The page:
A 31 year old Swiss climber who called the French rescue services claiming to have frostbite has been fined 3000 euros, 1500 of which are suspended for “giving false information leading to a rescue”. The verdict was handed down today in the first instance court in Bonneville, Haute-Savoie.
The incident dates back to the 18th of March, 2015. Two Swiss climbers were climbing the very difficult Lagarde couloir on the Droites in the Mont Blanc range. Tired the pair called the mountain rescue in Chamonix at 19h00. They were 100 meters below the summit. The correspondent suggested the continue and call once they were at the summit before descending the glacier de Talèfre. 90 minutes later they called again, they had not moved and the called claimed to be suffering frostbite to hands and feet. The mountain rescue collected them by helicopter from the north face of the Droites. A difficult operation after dark that took nearly an hour according to an eye witnesses in the Argentière refuge.
The climbers were dropped at Sallanches hospital which they left 30 minutes later to collect their belongings from the PGHM. Seeing that they were not injured the Gendarmes questioned the pair further and they admitted they had lied in order to get a helicopter rescue. In court the lead climber explained that he had panicked and didn't want to spend the night at 4000 meters with frozen gloves.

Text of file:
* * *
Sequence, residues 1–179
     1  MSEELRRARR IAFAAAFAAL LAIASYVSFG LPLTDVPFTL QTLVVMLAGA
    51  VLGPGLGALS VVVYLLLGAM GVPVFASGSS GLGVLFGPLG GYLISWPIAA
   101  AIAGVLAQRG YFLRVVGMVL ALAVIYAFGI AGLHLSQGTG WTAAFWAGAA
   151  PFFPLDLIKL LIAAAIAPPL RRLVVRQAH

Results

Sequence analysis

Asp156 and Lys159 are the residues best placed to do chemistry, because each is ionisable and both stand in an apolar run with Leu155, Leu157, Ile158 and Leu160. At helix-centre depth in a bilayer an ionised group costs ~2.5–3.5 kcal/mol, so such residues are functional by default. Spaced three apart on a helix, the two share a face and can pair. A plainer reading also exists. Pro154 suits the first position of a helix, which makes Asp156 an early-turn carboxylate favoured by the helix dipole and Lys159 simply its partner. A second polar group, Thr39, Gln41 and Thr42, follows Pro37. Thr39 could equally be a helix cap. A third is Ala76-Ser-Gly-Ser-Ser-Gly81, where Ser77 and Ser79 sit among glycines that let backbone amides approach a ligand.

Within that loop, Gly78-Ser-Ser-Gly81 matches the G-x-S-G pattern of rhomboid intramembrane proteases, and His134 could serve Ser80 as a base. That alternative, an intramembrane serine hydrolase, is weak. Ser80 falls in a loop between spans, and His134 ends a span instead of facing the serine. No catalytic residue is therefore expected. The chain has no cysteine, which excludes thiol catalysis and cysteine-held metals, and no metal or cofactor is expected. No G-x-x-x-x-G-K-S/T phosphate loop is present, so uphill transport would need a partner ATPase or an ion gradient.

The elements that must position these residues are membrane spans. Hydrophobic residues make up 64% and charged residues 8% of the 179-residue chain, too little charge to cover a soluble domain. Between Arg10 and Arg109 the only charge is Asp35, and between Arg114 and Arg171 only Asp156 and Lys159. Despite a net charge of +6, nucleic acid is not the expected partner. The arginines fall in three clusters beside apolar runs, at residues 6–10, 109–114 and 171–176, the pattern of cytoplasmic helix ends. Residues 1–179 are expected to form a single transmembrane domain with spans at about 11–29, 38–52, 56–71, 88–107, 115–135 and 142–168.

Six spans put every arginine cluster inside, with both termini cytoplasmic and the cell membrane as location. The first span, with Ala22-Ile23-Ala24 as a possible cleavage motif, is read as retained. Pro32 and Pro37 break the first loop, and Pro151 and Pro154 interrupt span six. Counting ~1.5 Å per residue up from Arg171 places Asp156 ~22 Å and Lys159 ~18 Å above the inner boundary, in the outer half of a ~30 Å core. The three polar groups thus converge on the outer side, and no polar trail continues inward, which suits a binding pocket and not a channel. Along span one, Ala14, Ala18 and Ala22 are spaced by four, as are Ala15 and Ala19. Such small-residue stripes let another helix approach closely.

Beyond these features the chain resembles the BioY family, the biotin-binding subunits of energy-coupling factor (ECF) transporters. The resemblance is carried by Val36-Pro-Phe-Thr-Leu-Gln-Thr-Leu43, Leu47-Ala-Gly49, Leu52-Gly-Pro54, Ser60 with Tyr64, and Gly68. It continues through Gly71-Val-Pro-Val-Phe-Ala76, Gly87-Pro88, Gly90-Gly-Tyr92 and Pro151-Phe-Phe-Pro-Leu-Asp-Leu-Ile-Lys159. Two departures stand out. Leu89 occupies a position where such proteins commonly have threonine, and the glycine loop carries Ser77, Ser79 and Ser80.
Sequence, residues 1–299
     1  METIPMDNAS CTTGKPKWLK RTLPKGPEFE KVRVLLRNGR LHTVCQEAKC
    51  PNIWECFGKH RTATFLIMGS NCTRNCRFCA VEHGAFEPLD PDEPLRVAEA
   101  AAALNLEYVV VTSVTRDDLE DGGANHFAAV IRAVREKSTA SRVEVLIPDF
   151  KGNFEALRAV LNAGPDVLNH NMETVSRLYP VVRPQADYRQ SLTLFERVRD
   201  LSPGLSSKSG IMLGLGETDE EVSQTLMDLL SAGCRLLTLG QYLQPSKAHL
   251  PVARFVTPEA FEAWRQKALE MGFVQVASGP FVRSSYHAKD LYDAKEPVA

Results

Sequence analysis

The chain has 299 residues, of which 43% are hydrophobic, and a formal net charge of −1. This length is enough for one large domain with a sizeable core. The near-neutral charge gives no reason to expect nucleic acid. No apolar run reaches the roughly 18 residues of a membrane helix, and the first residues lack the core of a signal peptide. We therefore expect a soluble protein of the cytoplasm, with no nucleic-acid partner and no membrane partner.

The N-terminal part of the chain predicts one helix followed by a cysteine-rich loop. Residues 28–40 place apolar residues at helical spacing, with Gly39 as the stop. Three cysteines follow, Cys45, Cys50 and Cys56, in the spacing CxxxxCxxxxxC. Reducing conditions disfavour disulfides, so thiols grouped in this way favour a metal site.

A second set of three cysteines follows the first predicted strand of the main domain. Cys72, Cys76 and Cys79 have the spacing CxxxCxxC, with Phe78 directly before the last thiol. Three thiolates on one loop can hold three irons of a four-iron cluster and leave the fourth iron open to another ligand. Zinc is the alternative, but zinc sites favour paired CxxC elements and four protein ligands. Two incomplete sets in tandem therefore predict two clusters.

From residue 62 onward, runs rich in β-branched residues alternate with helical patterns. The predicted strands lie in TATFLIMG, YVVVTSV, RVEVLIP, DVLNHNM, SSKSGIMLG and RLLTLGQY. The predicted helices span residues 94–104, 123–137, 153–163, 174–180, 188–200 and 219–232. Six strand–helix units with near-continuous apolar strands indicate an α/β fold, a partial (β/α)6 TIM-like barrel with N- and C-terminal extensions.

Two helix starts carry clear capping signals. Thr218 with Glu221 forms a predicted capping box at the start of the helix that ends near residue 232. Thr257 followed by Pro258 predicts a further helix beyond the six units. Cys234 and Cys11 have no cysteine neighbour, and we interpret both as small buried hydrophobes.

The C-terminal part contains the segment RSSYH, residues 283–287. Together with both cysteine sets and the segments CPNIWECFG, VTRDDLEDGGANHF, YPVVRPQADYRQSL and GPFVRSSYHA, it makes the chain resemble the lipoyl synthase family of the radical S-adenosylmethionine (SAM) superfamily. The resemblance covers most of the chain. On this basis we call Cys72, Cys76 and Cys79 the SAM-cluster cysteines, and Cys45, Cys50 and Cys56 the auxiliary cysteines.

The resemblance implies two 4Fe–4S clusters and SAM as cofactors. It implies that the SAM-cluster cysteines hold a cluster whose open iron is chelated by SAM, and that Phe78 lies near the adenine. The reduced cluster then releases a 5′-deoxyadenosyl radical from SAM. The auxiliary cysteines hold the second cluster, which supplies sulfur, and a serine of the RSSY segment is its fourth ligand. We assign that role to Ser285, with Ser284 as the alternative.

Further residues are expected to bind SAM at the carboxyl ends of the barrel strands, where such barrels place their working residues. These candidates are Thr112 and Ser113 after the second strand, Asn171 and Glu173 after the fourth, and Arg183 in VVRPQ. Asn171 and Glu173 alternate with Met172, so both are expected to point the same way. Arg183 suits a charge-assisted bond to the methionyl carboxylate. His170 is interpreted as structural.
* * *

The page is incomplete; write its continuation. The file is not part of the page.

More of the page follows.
The prosecutor had called for a 2000 euro fine saying that the climbers attitude was “irresponsible, not public spirited and scandalous. It is the attitude that monopolises the rescue services and puts their lives in danger”. He highlighted the difficulty of the rescue operation at night.
These type of cases are very rare. The rescue service are called regularly for cases of exhaustion or for climbers who are simply lost. They usually prefer to launch a rescue operation than risk an accident for which they themselves could be held liable. In this case the PGHM says they merely “noted the the contravention” and it was the prosecutor in Bonneville that decided to launch the prosecution. They say it is standard practice for climbers that are tired or blocked at night to be asked to bivouac and wait until first light for recovery.
It is not the first such incident this winter and maybe reflects a hardening of attitudes by the authorities. In February Annecy police threatened to prosecute two skiers rescued from the West Couloir of the Tête du Parmelan. The police thought that the skiers had seriously misjudged their capacity and the conditions in the couloir which is rarely in condition.